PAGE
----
Posted in Writing advice that may or may not be completely wrong

Sex Scenes

Sex scenes used to terrify me. Not writing them, but letting people read them. I soon discovered this is common among writers, and most of us dread it for the same reason: we’re afraid readers will think we’re living vicariously through our sex scenes. That they will think that’s the type of sex we want to be having. And that’s a very intimate thing for people to know.

It’s also bollocks (in a manner of speaking). I’ve written sex scenes with six different characters. Well, I mean, not together. I don’t think I’m accomplished enough with pronouns to pull that off without diagrams, and I can’t draw.

Stick figures

What I mean is, I’ve written three couples copulating. All three of them did it very differently. If I’m writing my idea of perfect sex each time, either I’ve got Tyler Durden issues or my mind changes quicker than Cheryl Tweedy’s name.

It’s obvious, really, that writing something does not mean we either endorse it or crave it. The heroine of Untouchable, Rachel, has a boss who sexually harasses her on a daily basis. I never once worried that readers would think I was gagging to be sexually harassed. (Just to clarify, I’m not.) Why should this be different for any other feature of her life?

My friend Yally was the first person to read Untouchable. This is the sex scene she received:


She assured me it was both well-written and sexy, but they say you can never rely on friends for honest feedback so I took that with a pinch of salt.

Finally, I gathered my courage and sent the real sex scene to beta readers. They treated the scene like any other, and the feedback was very positive. I realised I’d been an idiot, and now even Yally has the sex scenes.

Although I wasn’t afraid of writing sex scenes, I did find them challenging for a peculiar but limiting reason: there are no words for female genitalia that don’t make me cringe. I hate them all.

Pussy? If it doesn’t meow, purr and sit on your laptop when you’re trying to write, don’t call it a pussy. If it does, don’t have sex with it.


Mound? If it’s not green and covered with grass, or a heaped pile of something, don’t call it a mound. If it is, don’t have sex with it.

Minge? If you’re not twelve and giggling with your friends in the playground, don’t call it a minge. If you are, don’t have sex with anyone.

Vagina? Actually, okay with me. But then people get confused when you don’t use this interchangeably with vulva, and they also feel like they’re reading a medical textbook. Not romantic.

Capture.PNG (I’m unsure why these two have pasta dishes instead of pubic hair)

I could go on, but we all have lives to get to.

So I asked my friends for help. They were not helpful.


I’ve managed to get away with not using any words for the female genitalia in my novels so far. Long may it continue.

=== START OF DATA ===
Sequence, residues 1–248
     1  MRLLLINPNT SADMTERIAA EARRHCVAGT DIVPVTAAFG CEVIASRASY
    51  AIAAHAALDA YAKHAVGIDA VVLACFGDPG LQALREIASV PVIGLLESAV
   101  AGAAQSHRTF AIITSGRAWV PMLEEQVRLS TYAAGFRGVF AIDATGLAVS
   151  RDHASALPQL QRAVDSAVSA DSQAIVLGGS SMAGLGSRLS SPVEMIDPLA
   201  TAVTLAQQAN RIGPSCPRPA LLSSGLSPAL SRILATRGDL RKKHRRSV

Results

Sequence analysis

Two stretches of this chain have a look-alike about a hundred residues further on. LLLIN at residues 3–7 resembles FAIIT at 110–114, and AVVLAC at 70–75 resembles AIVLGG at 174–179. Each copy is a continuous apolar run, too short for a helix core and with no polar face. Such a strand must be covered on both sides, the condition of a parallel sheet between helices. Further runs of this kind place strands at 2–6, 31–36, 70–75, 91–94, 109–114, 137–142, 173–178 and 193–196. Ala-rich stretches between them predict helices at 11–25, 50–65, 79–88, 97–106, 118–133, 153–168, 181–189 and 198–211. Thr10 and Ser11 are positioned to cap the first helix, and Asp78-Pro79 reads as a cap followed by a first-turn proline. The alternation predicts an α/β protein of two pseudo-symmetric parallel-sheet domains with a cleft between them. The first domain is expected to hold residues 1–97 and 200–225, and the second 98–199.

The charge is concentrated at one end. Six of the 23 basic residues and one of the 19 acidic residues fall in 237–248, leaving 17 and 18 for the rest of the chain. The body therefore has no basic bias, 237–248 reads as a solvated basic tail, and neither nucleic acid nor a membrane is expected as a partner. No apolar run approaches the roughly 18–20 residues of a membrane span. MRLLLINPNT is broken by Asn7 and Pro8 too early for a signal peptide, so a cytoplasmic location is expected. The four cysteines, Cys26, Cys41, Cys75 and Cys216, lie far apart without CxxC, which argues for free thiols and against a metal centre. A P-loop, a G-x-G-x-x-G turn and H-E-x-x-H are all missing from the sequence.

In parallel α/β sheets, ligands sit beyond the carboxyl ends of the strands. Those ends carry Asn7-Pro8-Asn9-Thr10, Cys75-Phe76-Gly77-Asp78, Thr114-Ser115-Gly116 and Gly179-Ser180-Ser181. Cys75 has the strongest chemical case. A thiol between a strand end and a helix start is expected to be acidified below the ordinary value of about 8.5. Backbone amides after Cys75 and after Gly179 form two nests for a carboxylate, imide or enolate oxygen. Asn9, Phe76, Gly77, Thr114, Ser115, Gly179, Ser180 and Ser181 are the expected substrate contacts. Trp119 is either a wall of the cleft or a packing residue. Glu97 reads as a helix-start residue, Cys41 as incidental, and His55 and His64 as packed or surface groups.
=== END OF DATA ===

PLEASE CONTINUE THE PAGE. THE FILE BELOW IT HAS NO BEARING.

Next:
On the male side, cock’s just fine with me. No jokes, please: Mr Kaling is shy. Although his mother can’t read English, so there is that going for us.

Now that I’m over my silly hang up, I’m okay with sharing my sex scenes. Several of my friends have read them (hello, if you’re reading). My aunt’s read them (hello, if you’re reading). The HR assistant at work has read them (if this is being used in a disciplinary, I didn’t do it).

I also really enjoy writing them now, word challenges aside. One of the reasons I love writing romance is that sexual tension is so fun to read and write, and it’s so satisfying when, after 30,000 words of skirting round the issue, they finally, finally, screw.

You know how the BDSM/controlling thing is really in right now? Well, if that’s your thing, write romances. You are totally in charge of their sex lives, from outfits to orgasms. You can write that scene where they almost put Tab A into Slot B but are interrupted / come to their senses / have an argument instead. Then you can be all:

Yes, characters, of course you can have fun times!


And then when you actually allow them to spring the coil, you can feel all benevolent like:


If I had a point for this blog, I forgot it a while ago. Just go forth and write merry sex scenes. If nothing else, you can wait until your kids get their first boyfriends/girlfriends and then hand them a signed copy and tell them to think of it as an instruction manual. Will guarantee you no grandkids for at least a couple of years, and they’d be even more expensive than the therapy bills.


Romance author

31 thoughts on “Sex Scenes

  1. I had a friend years ago that referred to her genitals (in a purely joking way, I hope) as her beef taco. To this day I have trouble on taco Tuesday because of this.

    Liked by 1 person

  2. This is the best article I have ever read on sex. I appreciate your candor, and I absolutely love your sense of humor!! Thank you for brightening my night.

    Liked by 2 people

  3. I had never thought about the words themselves being my problem until you said something tonight in #BoWriChat…. Now it’s like Jimmy Cliff started singing “I Can See Clearly Now”. Thank you for sharing this!